Kale Nutrition Facts & Health Benefits
Kale belongs to a group of cabbage cultivars. It has become more popular as a leaf vegetable due to its nutritional value. Here are nutrition benefits of kale.
Nutritional Composition of Kale
Raw kale is composed of 84% water, 9% carbohydrates, 4% protein, and 1% fat. Raw kale provides a large amount of vitamin K and calcium. It is a rich source of vitamin A, vitamin C, vitamin B6, folate, and manganese. Kale is a good source of thiamin, riboflavin, pantothenic acid, vitamin E, and several dietary minerals, including iron, magnesium, potassium, and phosphorus.
One-half cup of cooked, chopped kale provides 21 calories, 3.7 g carbohydrate, 1.2 g protein, 0.3 g fat, 1.3 g dietary fiber, 4810 IU vitamin A, 27 mg vitamin C, 9 mcg folic acid, 148 mg potassium, 15 mg sodium, 18 mg phosphorus, 47 mg calcium, and 12 mg magnesium.
Cooked kale diminishes most of these nutrients, while values for vitamins A, C, and K, and manganese remain substantial.
Raw Kale Nutrition Facts Label
Health Benefits of Kale
Kale and collard greens are very similar, but kale often has curly leaves, and while collards thrive in a warmer climate, kale grows best in a cooler one. Both are considered warming, with a sweet, slightly bitter-pungent flavor similar to that of cabbage.
Kale is rich in the antioxidant vitamins A and C, as well as several carotenoids, including beta-carotene, lutein, and zeaxanthin. These compounds help protect vision and lower the risk of cataracts and age-related macular degeneration. It is also a good source of B vitamins, including thiamine, riboflavin, and B6, and the minerals calcium and iron. In fact, 1 cup of kale or collard greens has more calcium than 1 cup of milk.
Kale contains compounds that include polyphenols and carotenoids, contributing to its antioxidant and anti-inflammatory potential. The high presence of flavonoids (quercetin and kaempferol) and phenolic acids (caffeic, ferulic, and sinapinic acid) explains the health-promoting properties of kale. Kale contains high levels of polyphenols, such as ferulic acid, with levels varying due to environmental and genetic factors. They also contain indoles that protect against colon, breast, and lung cancer.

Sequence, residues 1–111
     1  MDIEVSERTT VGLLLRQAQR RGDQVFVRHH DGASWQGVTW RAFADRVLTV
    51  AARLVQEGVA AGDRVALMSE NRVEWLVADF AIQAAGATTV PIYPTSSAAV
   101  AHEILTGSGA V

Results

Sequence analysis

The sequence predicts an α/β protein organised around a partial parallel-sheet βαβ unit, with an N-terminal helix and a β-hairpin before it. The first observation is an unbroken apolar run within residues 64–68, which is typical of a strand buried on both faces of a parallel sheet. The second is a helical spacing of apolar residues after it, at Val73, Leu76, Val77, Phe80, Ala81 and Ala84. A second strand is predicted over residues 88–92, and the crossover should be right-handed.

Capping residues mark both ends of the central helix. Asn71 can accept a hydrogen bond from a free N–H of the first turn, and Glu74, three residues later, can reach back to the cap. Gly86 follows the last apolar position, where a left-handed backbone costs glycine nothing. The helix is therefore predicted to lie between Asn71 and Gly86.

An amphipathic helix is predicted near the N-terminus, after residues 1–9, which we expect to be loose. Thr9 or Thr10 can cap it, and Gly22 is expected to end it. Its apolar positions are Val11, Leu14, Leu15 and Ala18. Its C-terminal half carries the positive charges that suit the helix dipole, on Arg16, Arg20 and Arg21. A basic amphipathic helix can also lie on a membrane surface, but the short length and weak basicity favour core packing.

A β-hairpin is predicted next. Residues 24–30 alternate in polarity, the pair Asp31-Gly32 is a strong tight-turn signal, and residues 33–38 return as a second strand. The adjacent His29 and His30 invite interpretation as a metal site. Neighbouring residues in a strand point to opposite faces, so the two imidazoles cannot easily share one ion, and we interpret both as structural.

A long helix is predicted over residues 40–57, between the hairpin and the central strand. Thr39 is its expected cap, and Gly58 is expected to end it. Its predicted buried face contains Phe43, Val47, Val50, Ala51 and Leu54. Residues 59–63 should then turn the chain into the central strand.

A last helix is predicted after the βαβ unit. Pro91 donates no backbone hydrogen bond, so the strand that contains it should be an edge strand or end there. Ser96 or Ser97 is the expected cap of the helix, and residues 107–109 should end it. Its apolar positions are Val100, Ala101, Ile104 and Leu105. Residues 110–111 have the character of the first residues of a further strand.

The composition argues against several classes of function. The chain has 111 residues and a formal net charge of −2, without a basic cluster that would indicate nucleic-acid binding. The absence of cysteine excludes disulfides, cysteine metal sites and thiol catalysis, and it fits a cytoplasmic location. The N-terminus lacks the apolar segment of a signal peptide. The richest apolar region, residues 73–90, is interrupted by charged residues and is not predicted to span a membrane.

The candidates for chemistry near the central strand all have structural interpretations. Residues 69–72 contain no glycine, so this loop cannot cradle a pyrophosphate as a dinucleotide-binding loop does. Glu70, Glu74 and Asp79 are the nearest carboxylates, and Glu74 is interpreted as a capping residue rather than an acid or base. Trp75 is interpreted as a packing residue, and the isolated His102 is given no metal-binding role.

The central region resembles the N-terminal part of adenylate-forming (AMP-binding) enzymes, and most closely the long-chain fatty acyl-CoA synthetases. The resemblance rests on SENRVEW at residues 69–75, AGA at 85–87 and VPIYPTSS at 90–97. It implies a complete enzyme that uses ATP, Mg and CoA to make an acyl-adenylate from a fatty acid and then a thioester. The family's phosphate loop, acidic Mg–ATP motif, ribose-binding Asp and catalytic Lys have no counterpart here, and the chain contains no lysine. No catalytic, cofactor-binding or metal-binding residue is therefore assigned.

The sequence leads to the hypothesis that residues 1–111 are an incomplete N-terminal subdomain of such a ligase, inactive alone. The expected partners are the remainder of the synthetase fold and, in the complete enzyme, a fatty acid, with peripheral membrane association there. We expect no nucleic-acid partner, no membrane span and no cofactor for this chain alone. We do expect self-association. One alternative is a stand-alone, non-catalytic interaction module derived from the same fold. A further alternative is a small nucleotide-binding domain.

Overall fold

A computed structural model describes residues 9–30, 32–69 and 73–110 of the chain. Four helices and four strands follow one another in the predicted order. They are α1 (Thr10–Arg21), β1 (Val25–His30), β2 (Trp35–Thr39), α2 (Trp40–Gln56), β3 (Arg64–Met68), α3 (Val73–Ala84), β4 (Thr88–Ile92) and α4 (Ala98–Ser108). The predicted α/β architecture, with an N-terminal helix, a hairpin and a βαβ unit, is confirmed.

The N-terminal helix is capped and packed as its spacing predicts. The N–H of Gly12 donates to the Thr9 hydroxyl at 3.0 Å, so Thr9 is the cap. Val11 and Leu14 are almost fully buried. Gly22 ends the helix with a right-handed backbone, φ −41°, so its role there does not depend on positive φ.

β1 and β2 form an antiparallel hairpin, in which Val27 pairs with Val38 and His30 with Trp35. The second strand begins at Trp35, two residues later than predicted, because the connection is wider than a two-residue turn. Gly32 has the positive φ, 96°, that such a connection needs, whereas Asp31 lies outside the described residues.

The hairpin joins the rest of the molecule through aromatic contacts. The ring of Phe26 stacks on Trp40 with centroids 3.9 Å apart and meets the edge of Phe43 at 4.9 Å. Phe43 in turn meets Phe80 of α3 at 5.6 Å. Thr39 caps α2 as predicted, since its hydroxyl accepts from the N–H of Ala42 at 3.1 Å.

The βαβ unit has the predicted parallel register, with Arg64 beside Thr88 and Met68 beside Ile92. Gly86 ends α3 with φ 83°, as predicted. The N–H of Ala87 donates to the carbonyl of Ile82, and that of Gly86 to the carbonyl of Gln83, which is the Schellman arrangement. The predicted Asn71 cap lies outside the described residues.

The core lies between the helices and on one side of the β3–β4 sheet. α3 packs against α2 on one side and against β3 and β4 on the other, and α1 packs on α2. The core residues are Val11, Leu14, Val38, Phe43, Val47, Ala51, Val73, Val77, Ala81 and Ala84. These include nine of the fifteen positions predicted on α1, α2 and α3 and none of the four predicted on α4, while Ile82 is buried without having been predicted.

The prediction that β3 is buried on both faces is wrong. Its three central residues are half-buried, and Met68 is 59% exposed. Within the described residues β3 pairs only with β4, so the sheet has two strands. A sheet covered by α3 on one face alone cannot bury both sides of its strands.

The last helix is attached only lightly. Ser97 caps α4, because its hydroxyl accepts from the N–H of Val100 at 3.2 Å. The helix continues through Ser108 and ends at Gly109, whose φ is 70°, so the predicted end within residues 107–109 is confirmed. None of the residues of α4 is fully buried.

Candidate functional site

Most people compare kale to spinach, but kale is actually part of the Brassicaceae family (like bok choy, broccoli, and cauliflower). The key sulfur-containing compound glucosinolate found in Brassica plants is responsible for many of the health benefits of vegetables belonging to this group.
Kale is a source of the carotenoids lutein and zeaxanthin. As with broccoli and other cruciferous vegetables, kale contains glucosinolate compounds, such as glucoraphanin, which contributes to the formation of sulforaphane, a compound under preliminary research for its potential to affect human health beneficially.
A study of the bioavailability of carotenoids such as lutein and beta-carotene found in blood samples showed that lutein, betacarotene, and retinol all increased within six hours after ingestion of kale, demonstrating that kale is a good source of these carotenoids. Kale also contains higher amounts of alphatocopherol, a form of vitamin E that is considered a potent antioxidant for its ability to maintain cell membranes and prevent tissue damage.
As a dark green leafy vegetable, it is rich in vitamin K. In addition to the benefits typical of cruciferous vegetables, kale also provides a flavonoid called kaempferol that appears to reduce the risk of heart disease. Kaempferol, in combination with the flavonoids quercetin and myricetin, reduced the risk of pancreatic cancer by 23% in one 8-year study.
Kale is a superfood! It possesses key benefits for the gut as it’s considered a prebiotic food. Kale was found to have high antioxidant activity, and the seeds may hold promise for easing symptoms associated with Alzheimer’s disease. Kale seeds exhibit the ability to block acetylcholinesterase. By blocking this enzyme, it prevents the breakdown of acetylcholine. This mechanism is exactly how several drugs for Alzheimer’s disease work. Blocking the breakdown of acetylcholine results in higher concentrations of acetylcholine in the brain, which translates to better communication between nerve cells.
In addition, a study analyzed twenty-five kale genotypes and found that kale in the diet provides adequate quantities of prebiotic carbohydrates. Prebiotics are important to modify the intestinal microflora and promote the growth of beneficial bacteria. This also stimulates the immune system and promotes the absorption of vitamins and minerals.
Kale is high in oxalic acid, so over-consumption can cause problems for those with kidney disease, gout, vulvar pain, rheumatoid arthritis, or other conditions that may require a low-oxalate diet. Boiling can reduce the content of oxalic acid. Boiling kale decreases the level of glucosinate compounds, whereas steaming, microwaving, or stir frying does not cause significant loss.